The attachment between two different cells via a bispecific nanoparticle is illustrated in Figure 1a. Following the addition of the nanoparticles to the growth medium of an equally (1:1) mixed BJAB (green labeled) and human monocyte-derived dendritic (blue labeled) cell population (Figure 1b), approximately 30% of the cells formed pairs or small clusters of physically attached cells (Figure 1c). Significantly lower cell attachment levels of 7, 6.5, and 4.5% were observed when incubating similar cell mixtures with only single antibody (anti-CD20) nanoparticles, nonspecific antiepidermal growth factor receptor (EGFR)-coated nanoparticles, and in the absence of nanoparticles, respectively.
A closer view of a fi xated BJAB–DC pair is shown in the false-color scanning electron microscopy (SEM) image ( Figure 2a), revealing the light-toned BJAB cell (green) attached to the larger and feature-rich DC (blue). A magnified view (Figure 2b) of the region marked by a rectangle in Figure 2a, overlaid by an atomic-number-sensitive image of the same fi eld of view, reveals a relatively uniform distribution of the individual gold nanoparticles (orange yellow) on the plasma membranes of both cells, without any noticeable particle aggregation. Based on these images, we estimate particle densities of approximately 40 and 12 particles per μm^(−2) on the BJAB and the DCs, respectively. As expected, due to the presence of numerous identical antibodies on each particle, attachment between cells of a similar type after incubation with bispecific nanoparticles was also evident: more than 40% of the BJAB cells and approximately 2% of DCs appeared as part of small (2–10 cells) clusters.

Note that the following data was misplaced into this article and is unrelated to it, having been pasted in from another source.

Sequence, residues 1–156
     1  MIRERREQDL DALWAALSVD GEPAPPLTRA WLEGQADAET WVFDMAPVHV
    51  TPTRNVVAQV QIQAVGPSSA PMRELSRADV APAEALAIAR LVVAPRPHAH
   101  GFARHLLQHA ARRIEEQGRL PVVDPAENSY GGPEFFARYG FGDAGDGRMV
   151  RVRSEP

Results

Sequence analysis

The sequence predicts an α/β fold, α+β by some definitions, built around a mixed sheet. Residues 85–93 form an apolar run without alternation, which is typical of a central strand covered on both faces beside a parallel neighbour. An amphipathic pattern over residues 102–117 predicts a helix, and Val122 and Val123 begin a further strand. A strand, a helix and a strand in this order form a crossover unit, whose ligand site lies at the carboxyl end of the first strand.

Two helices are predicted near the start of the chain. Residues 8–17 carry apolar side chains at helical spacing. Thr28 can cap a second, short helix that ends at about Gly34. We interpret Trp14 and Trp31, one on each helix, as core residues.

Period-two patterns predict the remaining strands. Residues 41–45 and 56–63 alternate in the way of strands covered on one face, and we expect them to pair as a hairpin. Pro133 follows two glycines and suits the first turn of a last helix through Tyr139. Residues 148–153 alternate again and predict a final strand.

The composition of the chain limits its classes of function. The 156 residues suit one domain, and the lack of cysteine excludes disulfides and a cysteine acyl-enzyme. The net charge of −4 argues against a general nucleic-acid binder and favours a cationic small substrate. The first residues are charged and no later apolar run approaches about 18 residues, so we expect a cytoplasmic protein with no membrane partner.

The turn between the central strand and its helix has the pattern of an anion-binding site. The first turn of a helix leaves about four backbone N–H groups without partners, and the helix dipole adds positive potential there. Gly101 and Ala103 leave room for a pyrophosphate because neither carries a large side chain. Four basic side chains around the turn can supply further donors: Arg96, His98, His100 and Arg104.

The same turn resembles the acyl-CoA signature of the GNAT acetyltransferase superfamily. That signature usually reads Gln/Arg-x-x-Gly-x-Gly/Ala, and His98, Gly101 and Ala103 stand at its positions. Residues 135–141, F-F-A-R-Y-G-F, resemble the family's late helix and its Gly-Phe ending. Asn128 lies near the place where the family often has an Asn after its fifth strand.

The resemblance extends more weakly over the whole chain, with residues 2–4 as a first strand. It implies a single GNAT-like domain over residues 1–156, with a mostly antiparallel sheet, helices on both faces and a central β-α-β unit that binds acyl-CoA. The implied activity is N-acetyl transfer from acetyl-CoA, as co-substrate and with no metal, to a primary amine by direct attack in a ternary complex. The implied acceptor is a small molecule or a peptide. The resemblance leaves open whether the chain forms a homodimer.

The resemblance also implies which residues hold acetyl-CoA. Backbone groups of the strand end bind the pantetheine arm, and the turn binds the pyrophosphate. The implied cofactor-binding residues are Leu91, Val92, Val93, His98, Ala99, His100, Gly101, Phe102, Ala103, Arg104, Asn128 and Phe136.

Cells engaged in a physical contact do not normally fuse together in the absence of specific biological or chemical induction signals. Consequently, spontaneous fusion
events were not observed at any of the cell cultures even after several hours. In a previous work we have shown that cells within a homogeneous solution incubated with monospecific (single antibody coating) gold nanospheres were led to fuse following irradiation by a few high-intensity femtosecond pulses that were tuned to the plasmonic resonance wavelength of the nanoparticles. The fusion effi ciency of cells of different types was extremely low in these experiments due to the random and transient physical contacts between the cells.